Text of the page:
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South African Schools Act, 1996 (Act No 84 of 1996)

National Norms and Standards for School Funding (NNSSF)

Part 1

2. Policy Framework


The right to education and the financial responsibility of the state


13) The Bill of Rights in the Constitution of the Republic of South Africa, 1996 (No. 108 of 1996) establishes the right to education in these terms:

"Everyone has the right-

a) to a basic education, including adult basic education; and
b) to further education, which the state, through reasonable measures' must make progressively available and accessible" (Section 29(1)).


14) The South African Schools Act, 1996 came into effect on 1 January 1997. The principal objective of the Act is "to provide for a uniform system for the organisation, governance and funding of schools". In terms of the Act, schools cover learning programmes between grade 0 (better known as grade R. for "Reception") through to grade 12.


15) The SASA (Section 3) provides for compulsory attendance of learners at school between the ages of seven and 15 (or the completion of grade 9). This is known as the compulsory or General Education phase. Every provincial Member of the Executive Council for Education (MEC) is required to provide sufficient school places for every child in the compulsory attendance bracket. If this cannot be done because of a lack of capacity, the MEC must take steps to remedy the lack as soon as possible.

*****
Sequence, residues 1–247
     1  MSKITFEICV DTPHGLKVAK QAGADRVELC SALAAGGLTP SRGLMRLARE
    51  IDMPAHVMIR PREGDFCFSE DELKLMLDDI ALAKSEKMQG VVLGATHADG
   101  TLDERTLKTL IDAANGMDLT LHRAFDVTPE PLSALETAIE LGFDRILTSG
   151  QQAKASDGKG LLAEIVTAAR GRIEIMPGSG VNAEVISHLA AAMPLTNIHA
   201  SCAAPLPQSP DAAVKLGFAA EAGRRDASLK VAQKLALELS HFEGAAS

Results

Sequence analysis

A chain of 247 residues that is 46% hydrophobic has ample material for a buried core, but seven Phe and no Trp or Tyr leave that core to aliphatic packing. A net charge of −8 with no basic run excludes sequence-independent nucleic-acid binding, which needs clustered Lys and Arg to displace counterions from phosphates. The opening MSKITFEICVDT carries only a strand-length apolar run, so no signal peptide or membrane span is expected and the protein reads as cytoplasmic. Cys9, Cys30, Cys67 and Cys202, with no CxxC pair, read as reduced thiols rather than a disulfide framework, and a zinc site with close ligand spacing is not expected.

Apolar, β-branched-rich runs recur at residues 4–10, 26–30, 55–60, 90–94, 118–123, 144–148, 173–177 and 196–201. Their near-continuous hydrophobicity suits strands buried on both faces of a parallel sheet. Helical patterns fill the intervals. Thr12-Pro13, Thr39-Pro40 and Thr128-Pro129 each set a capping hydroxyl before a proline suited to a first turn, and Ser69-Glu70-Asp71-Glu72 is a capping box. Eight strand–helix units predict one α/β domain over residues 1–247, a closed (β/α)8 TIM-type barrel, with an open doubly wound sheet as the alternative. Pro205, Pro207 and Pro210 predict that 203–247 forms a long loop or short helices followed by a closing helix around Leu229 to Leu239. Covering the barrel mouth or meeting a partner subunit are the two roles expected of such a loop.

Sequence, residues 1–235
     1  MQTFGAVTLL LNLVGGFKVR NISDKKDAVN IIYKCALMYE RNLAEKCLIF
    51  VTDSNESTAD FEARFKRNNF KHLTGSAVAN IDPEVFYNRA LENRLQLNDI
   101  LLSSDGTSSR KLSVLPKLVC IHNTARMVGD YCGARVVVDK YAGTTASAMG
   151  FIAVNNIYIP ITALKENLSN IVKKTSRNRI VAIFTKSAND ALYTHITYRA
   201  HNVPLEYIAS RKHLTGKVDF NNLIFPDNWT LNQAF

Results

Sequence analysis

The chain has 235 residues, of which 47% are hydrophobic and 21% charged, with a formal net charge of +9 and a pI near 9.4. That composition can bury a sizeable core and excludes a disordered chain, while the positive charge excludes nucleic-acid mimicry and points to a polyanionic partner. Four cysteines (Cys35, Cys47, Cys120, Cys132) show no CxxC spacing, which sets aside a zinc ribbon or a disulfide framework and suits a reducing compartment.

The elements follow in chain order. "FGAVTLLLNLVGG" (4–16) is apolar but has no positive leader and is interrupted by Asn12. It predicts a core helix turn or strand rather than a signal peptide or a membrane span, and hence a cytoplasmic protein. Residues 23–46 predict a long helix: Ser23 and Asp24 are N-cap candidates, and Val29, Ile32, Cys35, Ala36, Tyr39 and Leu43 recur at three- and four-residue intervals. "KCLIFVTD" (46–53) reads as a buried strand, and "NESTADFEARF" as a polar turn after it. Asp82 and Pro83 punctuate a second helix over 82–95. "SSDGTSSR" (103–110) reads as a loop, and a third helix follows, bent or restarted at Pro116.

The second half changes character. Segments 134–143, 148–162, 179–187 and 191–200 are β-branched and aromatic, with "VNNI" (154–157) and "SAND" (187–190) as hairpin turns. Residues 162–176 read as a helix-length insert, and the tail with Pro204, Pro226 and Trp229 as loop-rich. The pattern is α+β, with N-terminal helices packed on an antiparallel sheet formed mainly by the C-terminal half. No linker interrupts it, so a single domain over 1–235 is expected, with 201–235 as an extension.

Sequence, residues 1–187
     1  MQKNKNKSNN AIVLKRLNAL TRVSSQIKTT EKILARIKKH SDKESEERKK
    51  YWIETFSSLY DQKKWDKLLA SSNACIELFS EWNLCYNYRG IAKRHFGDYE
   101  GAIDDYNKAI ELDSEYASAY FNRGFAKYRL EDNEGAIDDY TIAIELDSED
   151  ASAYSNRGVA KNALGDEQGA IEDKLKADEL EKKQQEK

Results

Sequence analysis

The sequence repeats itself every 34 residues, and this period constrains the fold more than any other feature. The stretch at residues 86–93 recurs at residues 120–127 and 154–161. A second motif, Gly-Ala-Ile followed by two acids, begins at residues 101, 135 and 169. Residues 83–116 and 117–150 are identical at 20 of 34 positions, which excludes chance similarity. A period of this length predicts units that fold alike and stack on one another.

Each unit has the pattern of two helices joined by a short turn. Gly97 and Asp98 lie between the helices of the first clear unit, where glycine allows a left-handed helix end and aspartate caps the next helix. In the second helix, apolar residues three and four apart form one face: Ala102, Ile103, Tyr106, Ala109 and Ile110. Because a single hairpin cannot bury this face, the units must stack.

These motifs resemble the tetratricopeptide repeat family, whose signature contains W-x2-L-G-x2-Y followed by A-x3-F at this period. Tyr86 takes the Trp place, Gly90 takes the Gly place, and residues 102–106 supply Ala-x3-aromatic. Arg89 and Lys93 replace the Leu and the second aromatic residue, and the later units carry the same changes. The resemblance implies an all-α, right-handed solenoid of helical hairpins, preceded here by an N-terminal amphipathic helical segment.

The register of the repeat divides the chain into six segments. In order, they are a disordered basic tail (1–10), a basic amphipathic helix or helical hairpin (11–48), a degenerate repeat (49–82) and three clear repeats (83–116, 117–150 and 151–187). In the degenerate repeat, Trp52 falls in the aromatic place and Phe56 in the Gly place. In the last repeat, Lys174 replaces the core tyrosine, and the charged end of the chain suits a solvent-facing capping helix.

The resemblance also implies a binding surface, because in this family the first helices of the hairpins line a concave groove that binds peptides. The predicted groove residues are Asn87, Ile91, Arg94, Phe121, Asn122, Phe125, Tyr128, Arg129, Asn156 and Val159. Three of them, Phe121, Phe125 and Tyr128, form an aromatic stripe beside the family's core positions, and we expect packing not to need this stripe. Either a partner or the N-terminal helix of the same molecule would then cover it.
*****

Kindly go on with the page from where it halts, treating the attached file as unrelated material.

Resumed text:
16) The Act imposes other important responsibilities on the state with respect to the funding of public schools. The basic principles of state funding of public schools derive from the constitutional guarantee of equality and recognition of the right of redress. The Act provides that:

"The State must fund public schools from public revenue on an equitable basis in order to ensure the proper exercise of the rights of learners to education and the redress of past inequalities in educational provision" (Section 34(1)).


17) These principles therefore underlie the national norms and standards for public school funding which the Minister is required to determine (Section 35).


18) The SASA follows the Constitution (Section 29(3)) in establishing the right of any person to establish and maintain an independent school at his or her own cost, and sets out the grounds on which a PED must register an independent school. The Constitution does not preclude state subsidies for independent education institutions. The Act empowers the Minister of Education to determine norms and minimum standards for the granting of subsidies to independent schools. Such subsidies may be granted by the MEC in a province (Sections 46, 48).


Personnel costs in Provincial Education Departments


19) Except in this section, this document does not deal with personnel costs in Provincial Education Departments.


Policy targets


20) The Ministry of Education's personnel policy for schools embodies these key principles:
a) schools must be supplied with an adequate number of educator and non-educator personnel
b) such staff members must be equitably distributed according to the pedagogical requirements of the schools, and
c) the cost of personnel establishments must also be sustainable within provincial budgets.


21) As a policy target, based on both local and international evidence, the Ministry of Education has determined that personnel/non-personnel spending in ordinary public schools should be of the order of 80:20.


22) Progress toward meeting the personnel: non-personnel target must be assessed by Provincial Education Departments in the course of preparing each year's updated MTEF. A reduction in the proportion of the education budget spent on personnel must result in an actual increase in budgeted expenditure on pedagogically critical non-personnel items (such as new school construction, provision of essential services, supply of books and other learning support materials, and educator development).